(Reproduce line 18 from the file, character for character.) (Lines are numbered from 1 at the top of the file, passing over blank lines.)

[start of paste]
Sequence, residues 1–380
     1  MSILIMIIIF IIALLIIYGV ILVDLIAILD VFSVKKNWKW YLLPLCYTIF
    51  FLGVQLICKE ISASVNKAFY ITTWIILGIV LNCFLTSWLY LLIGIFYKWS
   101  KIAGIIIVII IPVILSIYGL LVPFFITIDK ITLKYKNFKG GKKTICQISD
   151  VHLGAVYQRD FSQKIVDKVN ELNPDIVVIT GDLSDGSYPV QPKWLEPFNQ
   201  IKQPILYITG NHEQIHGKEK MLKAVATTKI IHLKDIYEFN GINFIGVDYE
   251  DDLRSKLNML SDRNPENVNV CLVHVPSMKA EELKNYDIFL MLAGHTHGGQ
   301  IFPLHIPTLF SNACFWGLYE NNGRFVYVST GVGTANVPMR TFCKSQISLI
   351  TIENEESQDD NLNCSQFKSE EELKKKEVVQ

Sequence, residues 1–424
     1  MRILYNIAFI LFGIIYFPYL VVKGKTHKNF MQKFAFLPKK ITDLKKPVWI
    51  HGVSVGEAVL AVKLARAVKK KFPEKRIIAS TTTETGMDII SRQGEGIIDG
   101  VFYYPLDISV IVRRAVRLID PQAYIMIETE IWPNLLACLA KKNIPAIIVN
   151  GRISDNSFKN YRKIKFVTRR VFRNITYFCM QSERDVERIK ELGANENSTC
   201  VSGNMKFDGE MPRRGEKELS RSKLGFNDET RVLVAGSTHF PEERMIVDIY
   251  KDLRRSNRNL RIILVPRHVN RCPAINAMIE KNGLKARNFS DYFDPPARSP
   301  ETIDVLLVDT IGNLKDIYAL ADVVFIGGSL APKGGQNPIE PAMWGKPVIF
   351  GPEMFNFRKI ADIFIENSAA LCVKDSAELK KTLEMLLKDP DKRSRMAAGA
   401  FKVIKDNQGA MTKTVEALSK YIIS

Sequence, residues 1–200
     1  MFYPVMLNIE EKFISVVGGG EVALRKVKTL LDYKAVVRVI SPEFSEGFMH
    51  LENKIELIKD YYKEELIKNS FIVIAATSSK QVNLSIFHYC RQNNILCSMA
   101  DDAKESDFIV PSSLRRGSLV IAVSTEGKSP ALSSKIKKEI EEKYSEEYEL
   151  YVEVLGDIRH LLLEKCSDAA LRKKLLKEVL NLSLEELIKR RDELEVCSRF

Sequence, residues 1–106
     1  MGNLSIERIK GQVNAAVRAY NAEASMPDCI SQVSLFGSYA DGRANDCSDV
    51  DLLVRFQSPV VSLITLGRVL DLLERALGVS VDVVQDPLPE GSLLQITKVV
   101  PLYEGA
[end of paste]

   351  GPEMFNFRKI ADIFIENSAA LCVKDSAELK KTLEMLLKDP DKRSRMAAGA